"Tropical depression Gaston is now moving very slowly across central sections of North Carolina, dumping some heavy rain in its path," said CBS News Meteorologist George Cullen.
Though Gaston knocked out power to thousands, officials said Sunday there was only one initial report of a serious injury — a Charleston County resident injured when a tree fell on a home.
"It just goes to show that the residents took the proper precautions that they needed to take and shows they were prepared," said Roland Windham, the Charleston County administrator.
Gaston made landfall near McClellanville, a small fishing village that was brushed by Hurricane Charley earlier this month when it came ashore for a second time after devastating southwest Florida.
Hours after the eye of Gaston came ashore, steady sheets of rain drenched Mount Pleasant. Tree limbs littered flooded roadways, some of which were impassable. Palmettos were pushed to the pavement, and road signs twisted in the wind.
Across the harbor in Charleston, Gaston flooded streets and toppled power poles. At least 125,000 people were without power at the height of the storm and a state of emergency was declared for the whole state.
The rain tapered off along the coast by midday, but blustery wind still raked the coastline near Charleston, and intersections throughout the area had no traffic lights.
"The important thing is that we don't have any false sense of safety that it's all over," said Charleston Mayor Joseph P. Riley Jr. "We have downed trees, and often times there are power lines under those downed trees."
By early Monday, Gaston was moving northeast about 14 mph across North Carolina with wind gusts around 35 mph. Flood watches were in effect for central and eastern North Carolina.
John Legare of the South Carolina Emergency Management agency said about 30 people had sought refuge in five shelters in coastal counties as Gaston approached. Shelters were opened in at least one inland county.
Gaston had maximum sustained winds of 70 mph when it hit land but was down to 45 mph by early afternoon. As much as 10 inches of rain fell in Charleston County and Hundreds of residents were urged to evacuate ahead of the storm.
In Charleston, water stood in the street in front of the palatial homes on the city's waterfront. Debbie Rice-Marko was cleaning tree limbs and other debris from the front of her 250-year-old house, which was left with knee-deep water in the basement.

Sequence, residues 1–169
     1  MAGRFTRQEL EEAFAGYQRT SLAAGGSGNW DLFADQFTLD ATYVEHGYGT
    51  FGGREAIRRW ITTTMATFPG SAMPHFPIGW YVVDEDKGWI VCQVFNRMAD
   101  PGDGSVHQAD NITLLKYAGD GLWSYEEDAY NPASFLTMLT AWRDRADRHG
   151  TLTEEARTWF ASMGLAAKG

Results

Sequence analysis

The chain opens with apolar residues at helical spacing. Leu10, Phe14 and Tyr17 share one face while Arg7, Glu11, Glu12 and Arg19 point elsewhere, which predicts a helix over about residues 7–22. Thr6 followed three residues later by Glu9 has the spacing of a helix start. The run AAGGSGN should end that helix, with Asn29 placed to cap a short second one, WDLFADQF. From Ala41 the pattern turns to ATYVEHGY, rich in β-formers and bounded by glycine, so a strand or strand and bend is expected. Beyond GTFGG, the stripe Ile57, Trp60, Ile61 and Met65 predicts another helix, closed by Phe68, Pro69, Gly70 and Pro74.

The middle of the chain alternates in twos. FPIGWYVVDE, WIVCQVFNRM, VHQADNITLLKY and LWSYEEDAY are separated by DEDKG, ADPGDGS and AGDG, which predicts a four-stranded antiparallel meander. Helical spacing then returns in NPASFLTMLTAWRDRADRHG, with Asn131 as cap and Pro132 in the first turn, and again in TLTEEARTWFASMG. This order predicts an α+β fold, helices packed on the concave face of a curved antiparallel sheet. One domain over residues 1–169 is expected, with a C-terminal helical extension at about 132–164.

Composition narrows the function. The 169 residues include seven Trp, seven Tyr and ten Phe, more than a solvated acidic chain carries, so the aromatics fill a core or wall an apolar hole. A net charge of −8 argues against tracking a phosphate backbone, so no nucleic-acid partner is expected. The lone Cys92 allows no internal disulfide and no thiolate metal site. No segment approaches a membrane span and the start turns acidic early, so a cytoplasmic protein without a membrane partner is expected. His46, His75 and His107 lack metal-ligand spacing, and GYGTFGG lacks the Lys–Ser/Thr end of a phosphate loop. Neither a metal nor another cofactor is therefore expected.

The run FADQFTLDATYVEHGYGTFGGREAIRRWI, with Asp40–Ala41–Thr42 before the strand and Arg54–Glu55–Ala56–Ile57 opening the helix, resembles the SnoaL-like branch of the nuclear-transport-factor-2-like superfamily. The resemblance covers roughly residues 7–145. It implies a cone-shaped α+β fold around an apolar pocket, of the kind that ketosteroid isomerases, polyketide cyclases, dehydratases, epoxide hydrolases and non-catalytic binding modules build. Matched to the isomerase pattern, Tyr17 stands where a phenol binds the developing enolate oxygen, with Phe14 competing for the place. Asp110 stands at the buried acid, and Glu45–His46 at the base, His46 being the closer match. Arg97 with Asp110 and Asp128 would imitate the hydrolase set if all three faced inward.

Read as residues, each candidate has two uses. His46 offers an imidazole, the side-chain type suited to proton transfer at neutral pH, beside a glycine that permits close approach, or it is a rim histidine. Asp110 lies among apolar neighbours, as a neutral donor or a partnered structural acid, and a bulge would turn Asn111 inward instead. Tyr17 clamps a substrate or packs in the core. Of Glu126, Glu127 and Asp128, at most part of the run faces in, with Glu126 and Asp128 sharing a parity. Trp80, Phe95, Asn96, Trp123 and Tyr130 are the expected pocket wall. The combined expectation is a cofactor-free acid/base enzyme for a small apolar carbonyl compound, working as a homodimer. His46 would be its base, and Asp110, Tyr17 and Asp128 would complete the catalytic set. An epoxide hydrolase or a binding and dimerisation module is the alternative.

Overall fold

"We didn't see anything like this with Charley," she said, noting residents have had to deal with Bonnie, Charley and Gaston already this year. And they are now eyeing Hurricane Frances spinning in the Atlantic Ocean.
Frances was a Category 3 hurricane as it slowly pushed closer to the northern Caribbean with 120-mph winds early Monday, resulting in several hurricane watches and tropical storm warnings.
"It looks like Frances will really be close to the Bahamas on Friday, and all indications are that this will threaten the southeast coastline of the United States sometime this weekend," said Cullen.
A hurricane watch was in effect for the British and northern U.S. Virgin Islands, including St. Thomas, St. John and the surrounding islands, and for the islands of Culebra and Vieques. A tropical storm warnings were in effect for St. Maarten, Anguilla, Barbuda, Antigua, Nevis, St. Kitts, St. Eustatius and Saba. Forecasters said St. Martin and St. Barthelemy may also be threatened.
Residents "from Florida to the Carolinas should start monitoring the progress of this storm," said Hugh Cobb, a meteorologist at the National Hurricane Center in Miami.
Meanwhile, Tropical Storm Hermine swirled in the Atlantic, the eighth named storm of the season. Late Sunday, the center of Hermine was located about 495 miles south of Chatham, Mass. The storm was moving toward the north near 18 mph and maximum sustained winds were near 50 mph.
"We may seen Hermine clip parts of northern New England later on Tuesday, probably from Block Island to Cape Cod, again, sometime Tuesday night, but it should weaken by then as it will be over cooler waters," said Cullen.